This life-story exercise is organized around the idea of critical events or episodes. An event or episode is a specific happening that occurs in a particular time and place. It is most helpful to think of such an event as constituting a specific moment in your life which stands out for some reason. Examples might be a surprise birthday party that your friends threw for you on your 18th birthday, a particular conversation with your spouse or friend in November of last year, or your reactions to learning that someone close to you died one summer day in 1986. Your last summer’s vacation and a difficult week at work, by contrast, are not events because they occur over an extended period of time, even though they may be very important to you. Thus, your vacation would be more like a series of events than an event per se. We want you to concentrate on single events, rather than on a series of events or an extended period of time.

On the following pages, we will describe 8 different kinds of events. For each one, we ask that you write a description that is at least a paragraph or two in length. Think about the event carefully and then include all of the following in your written description of the event:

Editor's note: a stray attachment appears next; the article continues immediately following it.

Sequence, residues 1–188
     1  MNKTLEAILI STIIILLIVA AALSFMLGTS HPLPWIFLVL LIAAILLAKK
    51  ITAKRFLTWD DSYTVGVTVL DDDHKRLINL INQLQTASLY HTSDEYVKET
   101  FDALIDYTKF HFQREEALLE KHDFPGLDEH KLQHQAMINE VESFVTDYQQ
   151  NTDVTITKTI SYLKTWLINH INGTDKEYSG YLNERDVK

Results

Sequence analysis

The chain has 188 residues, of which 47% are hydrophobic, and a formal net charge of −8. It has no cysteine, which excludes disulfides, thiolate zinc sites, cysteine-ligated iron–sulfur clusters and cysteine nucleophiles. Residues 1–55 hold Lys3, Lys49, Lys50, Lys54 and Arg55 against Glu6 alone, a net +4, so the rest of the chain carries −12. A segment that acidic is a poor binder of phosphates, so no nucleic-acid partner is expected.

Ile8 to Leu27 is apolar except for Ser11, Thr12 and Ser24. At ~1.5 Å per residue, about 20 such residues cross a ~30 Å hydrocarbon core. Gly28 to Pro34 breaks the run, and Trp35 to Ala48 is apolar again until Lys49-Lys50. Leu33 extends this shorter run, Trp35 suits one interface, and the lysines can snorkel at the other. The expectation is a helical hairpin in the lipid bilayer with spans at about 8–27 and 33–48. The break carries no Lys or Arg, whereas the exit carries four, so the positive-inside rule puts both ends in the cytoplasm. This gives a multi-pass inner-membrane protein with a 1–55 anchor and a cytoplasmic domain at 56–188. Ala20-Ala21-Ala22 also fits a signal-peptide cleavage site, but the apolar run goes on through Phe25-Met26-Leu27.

1. When did the event occur? (How old were you?)
  2. What exactly happened in the event?
  3. Who was involved in the event?
  4. What were you thinking, feeling, and wanting in the event?
  5. Why do you think that this is an important event in your life story? What does this event say about who you are, who you were, who you might be, and how you have developed over time?

1. PEAK EXPERIENCE (HIGH POINT)
Many people report occasional "peak experiences." These are generally moments or episodes in a person’s life in which he or she feels a sense of great uplifting, joy, excitement, contentment, or some other highly positive emotional experience. Indeed, these experiences vary widely. Some people report them to be associated with religious or mystical experience. Others find great joy or excitement in vigorous athletics, reading a good novel, artistic expression, or in love or friendship. A peak experience may be seen as a "high point" in your life story -- a particular experience that stands out in your memory as something that is extremely positive. Please describe below in some detail a peak experience that you have experienced sometime in your life. Make sure that this is a particular and specific incident (e.g., happened at a particular time and in a particular place) rather than a general "time" or "period" in your life. Please write about exactly what happened, when it happened, who was involved, what you were thinking and feeling, why this event is significant, and what this event says about you and your personality.


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2. NADIR EXPERIENCE (LOW POINT)